bespokeinvest.com). The DAX, the German stock market index, gained around 10% year to date and almost 30% since last September (de.finance.yahoo).
The recent rally is no surprise. It seems that the German economy is the winner of the Euro crisis. Since last summer the Euro dropped around 10% (finance.yahoo.com). The German companies gained a huge advantage because now they can sell their products cheaper on the global markets.
Germany also has the lowest interest rates in Europe because it is regarded as the European safe-haven. The relatively low financing costs give the German economy an additional advantage against their global competitors.
By the way: The Dax is a collection of multinational corporations (de.finance.yahoo.com ). Companies like Volkswagen, BASF (chemicals), ThyssenKrupp (infrastructure & steel) and others earn a large part of their revenues overseas and participate in the growth of China, Brazil and other emerging markets.
The DAX, which contains just 30 stocks like the Dow Jones, is a bit more volatile than its American counterpart because of the high weighting of the financials (Deutsche Bank, Commerzbank, Allianz, Munich Re). For my taste the DAX has too little technology in it. The business software company SAP, a rival to Oracle, is the only noteworthy German global player in the technology sector. Therefore the DAX lacks the sex appeal of the NASDAQ.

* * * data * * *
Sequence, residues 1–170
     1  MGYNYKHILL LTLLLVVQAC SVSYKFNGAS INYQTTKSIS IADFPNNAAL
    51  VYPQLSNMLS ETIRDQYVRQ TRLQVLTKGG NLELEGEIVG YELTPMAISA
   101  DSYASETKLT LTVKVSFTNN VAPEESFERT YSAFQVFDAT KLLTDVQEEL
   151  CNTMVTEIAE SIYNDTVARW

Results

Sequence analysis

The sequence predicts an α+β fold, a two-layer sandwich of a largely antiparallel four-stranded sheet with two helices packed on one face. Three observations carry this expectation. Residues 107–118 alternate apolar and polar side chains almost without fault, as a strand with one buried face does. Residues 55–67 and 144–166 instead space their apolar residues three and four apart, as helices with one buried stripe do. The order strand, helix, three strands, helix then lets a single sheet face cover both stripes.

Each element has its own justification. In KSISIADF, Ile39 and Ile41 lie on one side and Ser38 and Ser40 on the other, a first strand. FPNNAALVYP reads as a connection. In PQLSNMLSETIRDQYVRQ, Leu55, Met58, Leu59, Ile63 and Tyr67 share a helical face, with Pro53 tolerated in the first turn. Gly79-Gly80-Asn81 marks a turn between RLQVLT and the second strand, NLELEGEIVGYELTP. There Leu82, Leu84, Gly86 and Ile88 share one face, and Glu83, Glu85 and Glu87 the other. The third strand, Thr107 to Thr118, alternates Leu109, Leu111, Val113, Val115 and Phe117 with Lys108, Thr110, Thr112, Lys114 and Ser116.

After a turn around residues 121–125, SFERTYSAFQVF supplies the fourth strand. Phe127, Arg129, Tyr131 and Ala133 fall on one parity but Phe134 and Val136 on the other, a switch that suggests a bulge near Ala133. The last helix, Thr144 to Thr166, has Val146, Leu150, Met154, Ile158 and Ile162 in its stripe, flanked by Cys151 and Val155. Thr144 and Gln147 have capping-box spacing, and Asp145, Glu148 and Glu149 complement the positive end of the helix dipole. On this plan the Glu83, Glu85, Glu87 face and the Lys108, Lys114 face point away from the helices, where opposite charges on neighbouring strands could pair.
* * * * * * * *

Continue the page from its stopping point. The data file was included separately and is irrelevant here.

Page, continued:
International investors have to calculate the wild swings of the Euro on the currency markets. This year a rising Euro added to the gains. But in the last year, a falling Euro temporarily worsened the losses. It looks like Euro & DAX are now marching lock-step because both react to the changing risk appetite. The swings of the Euro could magnify the volatility of the DAX.
The DAX now has a bet that Europe will recover soon. Investors who want to take this risk could do that with an ETF on the DAX. The provider of the iShares family offers the iShares DAX® (DE) (de.ishares.com), which is traded in Germany with the number DE0005933931 (de.finance.yahoo.com). The same provider has another ETF, the iShares MSCI Germany Index Fund (EWG), which is traded on New York Stock Exchange (finance.yahoo.com). This ETF depends on a different German index, calculated by Morgan Stanley, the MSCI Germany Index.
Disclosure: I don`t own any DAX stocks.